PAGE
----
For implementation (and sustainment) of new interventions to be successful, it is critical that barriers are identified and addressed prior to change. It is challenging, however, for agencies to independently assess their own strengths and weaknesses and to develop plans for organizational improvement. Furthermore, the sheer number of strategies to promote implementation makes it difficult for agency leadership to decipher which are most appropriate for their own contexts and needs.
This application proposes to develop and pilot test Mapping Approaches to Prepare for Implementation Transfer (MAP-IT), an organizational intervention that includes four key elements: (1) guidelines on forming an implementation workgroup to inform and promote implementation efforts, (2) instruction on mechanisms known to impact implementation, (3) tools and instruction for conducting an agency-driven diagnosis of potential implementation barriers, and (4) tools for developing an implementation blueprint to address identified barriers (including instruction on strategies for addressing potential barriers prior to implementation). The premise of this application is significant in that MAP-IT would provide a low-cost (agency-driven opportunity for deliberate implementation preparedness, without ongoing external coaching) and sustainable (skill development for multiple individuals within the organization that can be applied to future implementation efforts) alternative to promoting organizational adoption of new practices.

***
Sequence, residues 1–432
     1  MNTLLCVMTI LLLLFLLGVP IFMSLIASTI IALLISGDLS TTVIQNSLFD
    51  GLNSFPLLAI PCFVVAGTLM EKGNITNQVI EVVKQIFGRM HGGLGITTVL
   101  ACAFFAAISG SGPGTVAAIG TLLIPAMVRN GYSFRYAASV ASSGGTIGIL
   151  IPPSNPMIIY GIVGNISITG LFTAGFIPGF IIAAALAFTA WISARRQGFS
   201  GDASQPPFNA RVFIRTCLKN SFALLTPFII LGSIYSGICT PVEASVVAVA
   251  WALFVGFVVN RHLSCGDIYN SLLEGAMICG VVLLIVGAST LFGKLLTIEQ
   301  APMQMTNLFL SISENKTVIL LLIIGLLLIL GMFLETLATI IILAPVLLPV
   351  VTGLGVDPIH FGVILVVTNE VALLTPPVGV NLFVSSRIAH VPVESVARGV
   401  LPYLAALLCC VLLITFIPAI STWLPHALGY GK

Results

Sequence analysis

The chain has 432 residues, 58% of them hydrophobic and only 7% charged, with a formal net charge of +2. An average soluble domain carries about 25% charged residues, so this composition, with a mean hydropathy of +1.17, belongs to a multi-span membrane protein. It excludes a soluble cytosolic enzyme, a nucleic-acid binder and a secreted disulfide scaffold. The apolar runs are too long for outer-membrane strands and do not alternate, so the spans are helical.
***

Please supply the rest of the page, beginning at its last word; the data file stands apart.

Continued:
The specific aims of the proposed research are as follows: Aim 1 – Synergistically integrate and adapt three established implementation intervention tools to promote deliberate agency implementation preparation – organizational assessment and feedback; taxonomy of implementation strategies; and visual-spatial decision making techniques – as combined into a comprehensive training and manualized bundle, MAP-IT. AIM 2 – Conduct a 2-arm cluster randomized efficacy trial of the MAP-IT intervention with 12 substance abuse treatment community-based residential and juvenile justice secure agencies serving adolescents (including those with opioid use disorders) randomized to either MAP-IT (EBP and MAP-IT trainings) or the non-intervention control condition (EBP training only).
Successful completion of the aims is expected to (1) establish preliminary evidence for the efficacy of a low-cost, sustainable alternative for improving implementation preparation that agencies can use to support and expedite implementation transfer, (2) shift the current paradigm by encouraging researchers (designing uptake studies) and health care agencies (independently striving to implement new practices) to place greater emphasis on pre-implementation preparations for change, (3) provide an empirical examination of how exploration and preparation can support implementation, using established measurement platforms and theoretical frameworks, and (4) provide documentation of agency selection of implementation strategies for promoting change in real-world settings. Findings from the proposed R21 will inform intervention effectiveness testing and implementation strategy selection in a future R01 aimed at improving uptake of best practices within behavioral healthcare delivery services using a full-scale randomized control trial.